Women, more than men, say climate change will harm them personally
Around the world, men and women express similar levels of concern about climate change. But when it comes to people who live in wealthier nations, a gender gap emerges.
In seven of 11 developed nations we surveyed this spring – from the U.S. and Canada to Germany and South Korea – women are more likely to consider climate change a serious problem, be concerned it will harm them personally and say that major lifestyle changes are needed to solve the problem.
For example, when asked how serious a problem climate change is, women in the U.S. are significantly more likely than American men (by a margin of 17 percentage points) to say it’s a somewhat or very serious problem. Canadian and Australian women’s concern also outweighs that of men in their respective countries, by 13 points and 12 points, respectively.
The gender disparity also occurs in views of personal harm caused by climate change. American women again differ the most from their male counterparts – 69% of women are concerned it will harm them personally, while fewer than half of men (48%) express this view. Women are more concerned than men in many of the other countries surveyed, including double-digit gender imbalances in Germany (+15 points) and Canada (+14).
On trusting technology alone to solve climate change versus changing personal habits, American, Canadian, British and Australian women in particular are more likely than men to think that people will have to make major lifestyle changes to reduce climate change’s effects. Double-digit differences on this question also appear in Spain, South Korea and Germany.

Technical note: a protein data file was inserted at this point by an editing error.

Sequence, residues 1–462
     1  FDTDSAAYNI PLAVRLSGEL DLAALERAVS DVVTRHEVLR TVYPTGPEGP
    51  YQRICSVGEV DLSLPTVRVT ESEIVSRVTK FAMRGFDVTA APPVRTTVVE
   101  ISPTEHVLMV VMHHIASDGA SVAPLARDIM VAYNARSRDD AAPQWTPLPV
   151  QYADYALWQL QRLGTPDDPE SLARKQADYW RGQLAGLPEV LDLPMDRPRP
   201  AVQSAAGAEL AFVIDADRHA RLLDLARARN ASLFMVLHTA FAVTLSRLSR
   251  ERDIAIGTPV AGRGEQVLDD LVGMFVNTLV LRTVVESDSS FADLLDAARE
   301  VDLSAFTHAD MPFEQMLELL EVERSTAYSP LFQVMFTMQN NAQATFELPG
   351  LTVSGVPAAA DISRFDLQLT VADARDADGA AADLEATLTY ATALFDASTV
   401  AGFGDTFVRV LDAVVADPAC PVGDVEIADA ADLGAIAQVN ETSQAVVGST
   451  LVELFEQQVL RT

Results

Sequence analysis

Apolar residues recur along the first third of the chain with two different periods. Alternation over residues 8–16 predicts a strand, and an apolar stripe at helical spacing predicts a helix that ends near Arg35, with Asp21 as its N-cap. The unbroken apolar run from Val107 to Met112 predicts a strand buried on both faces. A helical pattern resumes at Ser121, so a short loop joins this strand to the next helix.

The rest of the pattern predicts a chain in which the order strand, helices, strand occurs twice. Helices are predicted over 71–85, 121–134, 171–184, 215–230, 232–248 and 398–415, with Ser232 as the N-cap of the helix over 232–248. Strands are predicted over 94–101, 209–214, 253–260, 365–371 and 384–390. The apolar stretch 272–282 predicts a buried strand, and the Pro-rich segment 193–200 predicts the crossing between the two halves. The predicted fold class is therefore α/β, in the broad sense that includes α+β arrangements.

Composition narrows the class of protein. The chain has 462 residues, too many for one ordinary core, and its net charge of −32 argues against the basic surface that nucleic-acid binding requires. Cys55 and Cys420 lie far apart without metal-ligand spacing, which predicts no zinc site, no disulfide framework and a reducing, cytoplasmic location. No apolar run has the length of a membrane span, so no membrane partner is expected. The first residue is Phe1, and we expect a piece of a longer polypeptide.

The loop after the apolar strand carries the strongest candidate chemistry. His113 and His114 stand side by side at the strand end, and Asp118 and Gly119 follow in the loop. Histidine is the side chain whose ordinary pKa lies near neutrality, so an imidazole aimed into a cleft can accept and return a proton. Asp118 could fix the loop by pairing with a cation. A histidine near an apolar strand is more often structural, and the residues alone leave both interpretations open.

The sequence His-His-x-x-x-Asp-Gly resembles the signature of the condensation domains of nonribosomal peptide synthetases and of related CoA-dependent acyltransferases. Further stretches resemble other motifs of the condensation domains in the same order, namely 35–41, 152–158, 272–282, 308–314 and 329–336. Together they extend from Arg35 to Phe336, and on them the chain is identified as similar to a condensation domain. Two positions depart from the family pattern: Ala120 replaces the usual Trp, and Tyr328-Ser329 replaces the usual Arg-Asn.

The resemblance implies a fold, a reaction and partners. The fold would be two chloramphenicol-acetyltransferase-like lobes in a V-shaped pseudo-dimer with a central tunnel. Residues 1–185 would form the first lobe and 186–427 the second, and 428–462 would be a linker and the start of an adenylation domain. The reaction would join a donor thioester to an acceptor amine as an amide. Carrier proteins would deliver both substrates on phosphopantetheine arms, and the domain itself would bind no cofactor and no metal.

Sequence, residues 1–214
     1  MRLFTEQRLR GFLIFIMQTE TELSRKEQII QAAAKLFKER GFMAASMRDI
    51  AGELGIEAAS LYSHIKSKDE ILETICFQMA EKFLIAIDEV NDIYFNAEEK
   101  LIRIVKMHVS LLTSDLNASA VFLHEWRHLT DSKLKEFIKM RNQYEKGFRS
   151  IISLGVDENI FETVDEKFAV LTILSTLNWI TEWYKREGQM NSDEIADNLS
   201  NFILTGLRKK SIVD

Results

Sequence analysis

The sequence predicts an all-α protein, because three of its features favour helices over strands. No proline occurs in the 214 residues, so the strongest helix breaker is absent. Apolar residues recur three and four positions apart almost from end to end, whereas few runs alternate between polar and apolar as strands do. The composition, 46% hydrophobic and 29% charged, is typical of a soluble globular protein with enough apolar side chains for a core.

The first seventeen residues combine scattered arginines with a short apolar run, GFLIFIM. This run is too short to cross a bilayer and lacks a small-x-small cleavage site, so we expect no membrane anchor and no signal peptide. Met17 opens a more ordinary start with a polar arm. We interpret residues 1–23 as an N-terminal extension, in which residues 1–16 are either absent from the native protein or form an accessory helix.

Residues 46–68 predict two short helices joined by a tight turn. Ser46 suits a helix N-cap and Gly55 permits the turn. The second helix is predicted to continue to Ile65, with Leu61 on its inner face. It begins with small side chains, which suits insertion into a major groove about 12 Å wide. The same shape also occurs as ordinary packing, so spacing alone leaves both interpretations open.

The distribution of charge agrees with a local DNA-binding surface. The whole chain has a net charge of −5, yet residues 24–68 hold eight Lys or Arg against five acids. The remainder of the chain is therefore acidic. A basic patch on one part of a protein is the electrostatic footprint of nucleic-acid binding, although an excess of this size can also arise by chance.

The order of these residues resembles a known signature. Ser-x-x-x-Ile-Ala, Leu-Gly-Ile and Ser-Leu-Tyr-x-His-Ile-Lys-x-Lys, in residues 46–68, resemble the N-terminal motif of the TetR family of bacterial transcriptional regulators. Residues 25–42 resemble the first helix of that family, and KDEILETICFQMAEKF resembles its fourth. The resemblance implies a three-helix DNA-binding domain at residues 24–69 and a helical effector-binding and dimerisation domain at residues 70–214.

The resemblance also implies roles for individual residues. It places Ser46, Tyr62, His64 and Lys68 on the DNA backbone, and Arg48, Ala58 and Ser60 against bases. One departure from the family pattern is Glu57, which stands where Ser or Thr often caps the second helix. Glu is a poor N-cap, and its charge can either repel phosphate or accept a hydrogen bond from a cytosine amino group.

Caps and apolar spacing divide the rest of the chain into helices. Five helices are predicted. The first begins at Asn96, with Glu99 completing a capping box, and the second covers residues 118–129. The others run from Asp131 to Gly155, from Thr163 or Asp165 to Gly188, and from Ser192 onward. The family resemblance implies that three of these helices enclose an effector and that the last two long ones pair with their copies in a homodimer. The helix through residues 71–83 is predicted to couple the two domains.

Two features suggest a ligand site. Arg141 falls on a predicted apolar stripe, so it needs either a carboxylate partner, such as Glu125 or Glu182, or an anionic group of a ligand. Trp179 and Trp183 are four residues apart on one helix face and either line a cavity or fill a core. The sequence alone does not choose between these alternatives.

In some countries, the politics of climate change could in part explain the gender divide. For example, in the U.S., a higher share of women (52%) than men (44%) tends to lean Democratic. And by roughly three-to-one, supporters of the Democratic Party are more likely than Republicans to consider global climate change a very serious problem.
In Canada and Germany, we found a similar pattern, where women who support more center to center-left parties show greater concern about climate change (except in Germany on the question of making major lifestyle changes) than followers of center-right parties.
But in other nations, such as the UK and South Korea, there aren’t significant differences among women by party, and in Australia and Spain, the sample sizes are too small to analyze.
Hani Zainulbhai is a research analyst focusing on global attitudes at Pew Research Center.